• consumerism;
  • governmentality;
  • learning disability;
  • managerialism;
  • nursing;
  • trust

Aim.  This paper reports a study that explored the relationship between trust and managerialism through an analysis of professional discourse.

Background.  Managerialism is a distinct set of discourses and practices related to managerial effectiveness, flexibility and consumer responsiveness that have come to characterize debates over the provision of health and welfare services across the developed world. At the same time, trust has attracted increasing academic and political interest. Managerial discourses are critical of healthcare professions and the way they operate. Professional opinions are challenged as representing the interests of professions rather than service users; as a consequence trust is contested. However, where practitioners are both professionals and managers, the boundaries between these discourses become blurred. Moreover, paradoxical development occurs where increasing autonomy for practitioners is accompanied by a strengthening of managerial controls over their activity.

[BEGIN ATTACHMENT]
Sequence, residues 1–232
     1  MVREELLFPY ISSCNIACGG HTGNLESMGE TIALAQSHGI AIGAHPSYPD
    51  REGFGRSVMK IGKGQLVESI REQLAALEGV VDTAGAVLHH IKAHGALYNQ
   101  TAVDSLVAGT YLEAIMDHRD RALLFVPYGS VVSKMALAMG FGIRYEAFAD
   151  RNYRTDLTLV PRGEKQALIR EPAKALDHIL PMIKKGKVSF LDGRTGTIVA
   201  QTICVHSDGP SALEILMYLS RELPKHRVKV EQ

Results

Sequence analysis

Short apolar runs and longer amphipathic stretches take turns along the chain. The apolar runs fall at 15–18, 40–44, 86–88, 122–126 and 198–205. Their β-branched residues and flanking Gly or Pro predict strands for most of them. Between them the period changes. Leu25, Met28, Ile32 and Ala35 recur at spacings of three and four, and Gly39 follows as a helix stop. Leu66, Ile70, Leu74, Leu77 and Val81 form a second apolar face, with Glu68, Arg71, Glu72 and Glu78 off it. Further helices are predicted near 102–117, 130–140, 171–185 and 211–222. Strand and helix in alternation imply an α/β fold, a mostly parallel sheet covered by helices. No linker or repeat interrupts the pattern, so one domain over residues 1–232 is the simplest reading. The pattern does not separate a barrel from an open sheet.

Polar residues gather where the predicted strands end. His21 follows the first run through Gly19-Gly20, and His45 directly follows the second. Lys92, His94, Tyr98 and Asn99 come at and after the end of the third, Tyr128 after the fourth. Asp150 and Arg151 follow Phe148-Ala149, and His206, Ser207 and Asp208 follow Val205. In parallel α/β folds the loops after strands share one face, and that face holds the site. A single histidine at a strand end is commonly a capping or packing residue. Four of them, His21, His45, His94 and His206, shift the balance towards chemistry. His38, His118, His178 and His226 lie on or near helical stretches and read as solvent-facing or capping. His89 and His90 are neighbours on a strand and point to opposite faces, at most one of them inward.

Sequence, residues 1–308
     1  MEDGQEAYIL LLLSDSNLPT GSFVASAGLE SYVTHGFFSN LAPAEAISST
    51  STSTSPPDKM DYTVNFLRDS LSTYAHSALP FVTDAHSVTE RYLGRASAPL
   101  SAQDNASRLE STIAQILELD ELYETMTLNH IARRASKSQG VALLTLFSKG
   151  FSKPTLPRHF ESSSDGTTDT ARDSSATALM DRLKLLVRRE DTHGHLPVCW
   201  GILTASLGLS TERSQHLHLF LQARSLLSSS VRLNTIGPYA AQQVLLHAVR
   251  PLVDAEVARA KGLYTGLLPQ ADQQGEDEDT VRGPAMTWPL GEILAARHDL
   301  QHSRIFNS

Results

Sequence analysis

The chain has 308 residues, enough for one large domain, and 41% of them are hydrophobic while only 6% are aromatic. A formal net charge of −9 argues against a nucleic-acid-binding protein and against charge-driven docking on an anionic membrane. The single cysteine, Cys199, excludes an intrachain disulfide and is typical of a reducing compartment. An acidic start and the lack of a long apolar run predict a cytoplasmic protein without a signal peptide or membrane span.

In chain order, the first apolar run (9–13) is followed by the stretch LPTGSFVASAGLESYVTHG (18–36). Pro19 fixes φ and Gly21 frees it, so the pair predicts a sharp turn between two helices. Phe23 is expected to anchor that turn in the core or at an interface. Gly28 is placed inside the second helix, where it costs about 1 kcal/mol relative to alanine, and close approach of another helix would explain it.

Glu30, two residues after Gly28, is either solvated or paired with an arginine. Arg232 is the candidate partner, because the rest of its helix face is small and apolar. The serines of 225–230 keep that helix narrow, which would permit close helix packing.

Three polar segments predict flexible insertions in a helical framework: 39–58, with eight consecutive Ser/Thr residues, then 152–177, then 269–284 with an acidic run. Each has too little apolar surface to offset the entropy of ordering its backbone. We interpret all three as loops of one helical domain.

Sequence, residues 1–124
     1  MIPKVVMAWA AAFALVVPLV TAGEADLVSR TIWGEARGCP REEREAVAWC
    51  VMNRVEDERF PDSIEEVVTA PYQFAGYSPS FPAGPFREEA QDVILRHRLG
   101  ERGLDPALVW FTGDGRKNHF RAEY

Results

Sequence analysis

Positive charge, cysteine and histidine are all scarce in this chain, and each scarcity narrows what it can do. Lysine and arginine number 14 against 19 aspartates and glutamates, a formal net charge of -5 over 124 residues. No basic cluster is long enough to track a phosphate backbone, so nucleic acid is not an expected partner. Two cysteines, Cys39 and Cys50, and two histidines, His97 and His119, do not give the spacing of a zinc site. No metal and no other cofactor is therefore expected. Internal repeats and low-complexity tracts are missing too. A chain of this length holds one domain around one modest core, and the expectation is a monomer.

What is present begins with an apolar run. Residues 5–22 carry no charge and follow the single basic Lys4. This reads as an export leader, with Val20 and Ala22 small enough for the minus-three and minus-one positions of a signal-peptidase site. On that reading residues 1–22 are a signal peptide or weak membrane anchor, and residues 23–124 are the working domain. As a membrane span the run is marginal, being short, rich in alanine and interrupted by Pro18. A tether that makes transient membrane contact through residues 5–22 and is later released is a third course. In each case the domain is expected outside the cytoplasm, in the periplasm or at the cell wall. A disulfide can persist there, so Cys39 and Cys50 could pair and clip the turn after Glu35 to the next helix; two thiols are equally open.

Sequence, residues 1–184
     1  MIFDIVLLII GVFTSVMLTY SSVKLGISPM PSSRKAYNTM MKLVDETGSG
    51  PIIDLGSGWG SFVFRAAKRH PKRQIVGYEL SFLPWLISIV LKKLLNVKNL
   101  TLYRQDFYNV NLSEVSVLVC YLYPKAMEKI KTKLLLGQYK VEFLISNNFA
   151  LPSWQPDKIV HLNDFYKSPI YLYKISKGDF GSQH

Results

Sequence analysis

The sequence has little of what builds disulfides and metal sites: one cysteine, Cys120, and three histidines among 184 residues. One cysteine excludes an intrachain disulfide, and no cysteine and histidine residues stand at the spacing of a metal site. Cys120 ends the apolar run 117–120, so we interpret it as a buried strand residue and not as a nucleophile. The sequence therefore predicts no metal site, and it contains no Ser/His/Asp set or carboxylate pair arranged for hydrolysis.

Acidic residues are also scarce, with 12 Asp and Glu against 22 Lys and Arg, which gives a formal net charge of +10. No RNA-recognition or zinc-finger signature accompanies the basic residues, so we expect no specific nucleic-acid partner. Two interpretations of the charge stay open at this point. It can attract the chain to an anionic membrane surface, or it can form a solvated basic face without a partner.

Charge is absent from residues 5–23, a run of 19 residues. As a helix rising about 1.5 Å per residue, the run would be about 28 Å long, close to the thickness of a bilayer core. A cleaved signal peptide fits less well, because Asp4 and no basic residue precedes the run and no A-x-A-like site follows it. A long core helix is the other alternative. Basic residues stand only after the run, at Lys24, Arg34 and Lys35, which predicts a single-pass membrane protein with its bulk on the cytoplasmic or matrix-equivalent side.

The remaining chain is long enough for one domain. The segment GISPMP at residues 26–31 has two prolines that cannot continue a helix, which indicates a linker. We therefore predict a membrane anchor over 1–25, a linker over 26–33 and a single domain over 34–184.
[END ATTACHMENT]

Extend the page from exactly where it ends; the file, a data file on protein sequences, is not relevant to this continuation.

Method.  Discourse analysis was used to explore the text from two genres, academic literature and interviews (n = 17), in the context of community residential services for people with learning disabilities. The study was conducted in 2001.

Findings.  Two broad themes were identified, each with a number of sub-themes. The first focuses on the relationship between managerialism and trust located around the management of expectations. The second, ‘the politics of care’, explores the way professional and managerial discourse articulate to produce complementary and contradictory positions.

Conclusion.  The colonization of professional activity by managerial discourse has produced a context where professional activity is defined by a series of managerial imperatives; trust, which was once the product of intimate social activity is now shaped through techniques based on distrust such as audits and quality monitoring. Nevertheless, the persistence of tensions between trust and managerialism suggest an ongoing struggle for professional autonomy in the face of increasing managerial controls.